MILWAUKEE, WI — Eight teenagers were hospitalized with seriously damaged lungs in July at Children’s Hospital, and state health officials say each of the cases involves vaping.
The state is currently investigating the possible causes of these illnesses, but all patients reported vaping in the weeks and months prior to being hospitalized. “While an exact cause is unknown, the number of patients in such a short time frame is concerning,” Children’s Hospitals officials said Thursday morning. “With the increase in use of e-cigarettes and vaping, parents and teens need to be aware of the potential danger.”
Officials say the symptoms that led to hospitalization include shortness of breath, fatigue, chest pain, cough and weight loss. The severity of health condition has varied, with some patients needing assistance in order to breathe.
Officials say they believe prolonged exposure to vaping chemicals could lead to more serious health issues like chronic obstructive pulmonary disease, a permanent condition which makes lungs less effective at transporting oxygen and is permanent.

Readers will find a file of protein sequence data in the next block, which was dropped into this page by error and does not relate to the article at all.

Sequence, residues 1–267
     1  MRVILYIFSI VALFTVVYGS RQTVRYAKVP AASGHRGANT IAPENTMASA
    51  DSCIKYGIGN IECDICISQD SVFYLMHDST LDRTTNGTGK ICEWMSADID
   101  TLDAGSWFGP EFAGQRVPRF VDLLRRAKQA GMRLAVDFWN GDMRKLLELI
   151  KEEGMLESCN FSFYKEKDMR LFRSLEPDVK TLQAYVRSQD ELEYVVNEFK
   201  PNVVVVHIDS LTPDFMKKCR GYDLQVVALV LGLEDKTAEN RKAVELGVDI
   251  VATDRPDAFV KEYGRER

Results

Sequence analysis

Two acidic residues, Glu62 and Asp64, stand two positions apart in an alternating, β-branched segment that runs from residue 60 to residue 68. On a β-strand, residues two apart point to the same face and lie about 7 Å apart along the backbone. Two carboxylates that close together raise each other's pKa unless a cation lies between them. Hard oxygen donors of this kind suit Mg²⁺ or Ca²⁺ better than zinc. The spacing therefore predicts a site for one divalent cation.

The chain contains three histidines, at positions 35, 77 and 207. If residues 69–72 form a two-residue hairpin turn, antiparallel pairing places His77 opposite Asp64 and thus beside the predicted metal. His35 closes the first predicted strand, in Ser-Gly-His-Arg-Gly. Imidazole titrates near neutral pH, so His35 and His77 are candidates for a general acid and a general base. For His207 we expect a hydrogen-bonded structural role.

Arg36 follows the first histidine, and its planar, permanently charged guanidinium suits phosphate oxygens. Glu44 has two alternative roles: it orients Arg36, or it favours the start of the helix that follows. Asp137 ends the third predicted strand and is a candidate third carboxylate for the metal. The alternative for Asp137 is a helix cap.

In January, the Wisconsin Department of Health Services issued an advisory warning that vaping among teens has “skyrocketed” in the state.
E-cigarette use among Wisconsin high school students increased 154 percent between 2014 and 2018, according to the advisory, and one of every five high school students — or 20 percent — uses e-cigarettes. Eighty-nine percent of high-schoolers said they wouldn’t try tobacco products that weren’t flavored.
“The e-cigarette aerosol that users inhale and exhale can expose both the user and those around the user to other harmful substances including heavy metals, volatile organic compounds and ultra-fine particles that can be inhaled deep into the lungs,” health officials warned in the advisory.
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